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How to decide if your game should(could) be multiplayer

Discussion in 'Game Design' started by MaximumTre, Aug 13, 2019.

  1. MaximumTre

    MaximumTre

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    This is for those of you who have made multiplayer games, as in online/networked games, not local multiplayer.

    I know this is one of those "Well, do YOU want it to be XYZ?" questions, but hear me out.

    Not all games are worth multiplayer. I'm working on an 3D person Action/Adventure project right now and the magic system I've created is kinda cool (I think). I often wonder if people would feel the same if I introduced lag, hackers, and high ping into the mix.

    What helps you come to the conclusion that your game idea is worthy of the effort to make it online multiplayer?
     
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  2. JoeStrout

    JoeStrout

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    I think in most cases, multiplayer is something that runs very deep throughout the game design. It's hard to make the same game work well as both single-player and multi-player, except for competitive games (e.g. strategy games) where a strong AI can substitute for multiplayer.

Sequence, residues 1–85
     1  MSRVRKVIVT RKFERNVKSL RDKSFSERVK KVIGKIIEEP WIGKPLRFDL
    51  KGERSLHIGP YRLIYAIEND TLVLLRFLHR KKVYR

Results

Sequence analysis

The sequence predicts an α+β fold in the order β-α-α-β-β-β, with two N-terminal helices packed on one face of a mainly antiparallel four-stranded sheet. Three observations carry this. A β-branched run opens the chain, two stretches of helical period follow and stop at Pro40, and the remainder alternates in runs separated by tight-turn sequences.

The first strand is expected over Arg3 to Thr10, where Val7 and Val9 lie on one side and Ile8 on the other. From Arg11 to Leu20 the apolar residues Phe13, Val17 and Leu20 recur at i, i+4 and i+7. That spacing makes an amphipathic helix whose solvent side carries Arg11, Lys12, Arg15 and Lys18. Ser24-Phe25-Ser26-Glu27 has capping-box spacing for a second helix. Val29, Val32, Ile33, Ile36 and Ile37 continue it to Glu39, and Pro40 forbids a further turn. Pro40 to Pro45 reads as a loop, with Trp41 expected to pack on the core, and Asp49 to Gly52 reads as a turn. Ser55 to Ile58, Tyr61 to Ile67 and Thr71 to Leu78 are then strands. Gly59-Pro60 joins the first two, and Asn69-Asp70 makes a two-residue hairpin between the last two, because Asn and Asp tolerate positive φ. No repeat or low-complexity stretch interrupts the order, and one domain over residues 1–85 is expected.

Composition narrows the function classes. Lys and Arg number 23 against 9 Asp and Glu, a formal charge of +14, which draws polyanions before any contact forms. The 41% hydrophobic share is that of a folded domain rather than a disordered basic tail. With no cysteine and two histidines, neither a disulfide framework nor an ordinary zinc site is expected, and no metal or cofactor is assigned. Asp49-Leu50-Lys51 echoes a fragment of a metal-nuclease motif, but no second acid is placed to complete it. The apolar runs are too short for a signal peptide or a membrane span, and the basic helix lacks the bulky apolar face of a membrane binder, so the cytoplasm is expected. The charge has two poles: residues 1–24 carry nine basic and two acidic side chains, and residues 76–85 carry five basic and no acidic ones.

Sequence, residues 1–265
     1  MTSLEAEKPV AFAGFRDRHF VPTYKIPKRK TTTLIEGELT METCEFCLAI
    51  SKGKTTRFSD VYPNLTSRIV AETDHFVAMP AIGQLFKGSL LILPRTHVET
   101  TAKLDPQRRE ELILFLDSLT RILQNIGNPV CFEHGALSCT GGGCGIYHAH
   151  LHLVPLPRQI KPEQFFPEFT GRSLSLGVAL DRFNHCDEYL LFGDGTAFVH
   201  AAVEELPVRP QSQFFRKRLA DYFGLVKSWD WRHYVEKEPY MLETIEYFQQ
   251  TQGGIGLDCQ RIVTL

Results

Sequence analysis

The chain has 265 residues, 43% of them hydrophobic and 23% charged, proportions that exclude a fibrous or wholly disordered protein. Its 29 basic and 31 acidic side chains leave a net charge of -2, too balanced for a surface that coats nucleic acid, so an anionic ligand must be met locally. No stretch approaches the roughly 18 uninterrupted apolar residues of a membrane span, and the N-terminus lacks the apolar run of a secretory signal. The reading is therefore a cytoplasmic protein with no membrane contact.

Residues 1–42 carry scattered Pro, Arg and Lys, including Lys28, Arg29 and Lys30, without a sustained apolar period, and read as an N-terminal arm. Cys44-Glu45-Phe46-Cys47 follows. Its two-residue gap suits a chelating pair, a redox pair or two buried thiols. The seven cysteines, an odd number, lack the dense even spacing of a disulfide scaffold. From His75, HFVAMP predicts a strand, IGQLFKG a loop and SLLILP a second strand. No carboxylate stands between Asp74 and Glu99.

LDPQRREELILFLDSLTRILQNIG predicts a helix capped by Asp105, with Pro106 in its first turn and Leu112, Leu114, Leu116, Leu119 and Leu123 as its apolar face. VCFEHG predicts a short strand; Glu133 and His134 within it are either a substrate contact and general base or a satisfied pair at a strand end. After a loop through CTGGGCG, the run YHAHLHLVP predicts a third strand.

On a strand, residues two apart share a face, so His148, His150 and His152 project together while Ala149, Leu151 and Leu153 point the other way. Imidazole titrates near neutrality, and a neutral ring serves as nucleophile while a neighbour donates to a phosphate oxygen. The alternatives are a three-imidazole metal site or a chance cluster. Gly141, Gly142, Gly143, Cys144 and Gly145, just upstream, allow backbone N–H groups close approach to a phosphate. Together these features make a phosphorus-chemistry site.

But if it's an action/adventure game, it's hard to see how you can have it both ways. What sort of multiplayer would this be? Are you thinking MMO, or several friends getting together for co-op adventure on a private world instance? Or something else?
     
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  3. MaximumTre

    MaximumTre

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    No, nothing like an MMO. I was thinking something closer to the Borderlands style drop in/out. I'm solo so there will be no MMO's for me lol

    This is of course purely hypothetical. My project is single player and will stay that way. However if I am lucky enough to garner enough money for a sequel, I might consider multiplayer.
     
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  4. Joe-Censored

    Joe-Censored

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    I agree with other Joe. Typically multiplayer will be part of the game's idea from the start if multiplayer is even appropriate. If you are unsure if the game should include multiplayer, then it should probably be single player.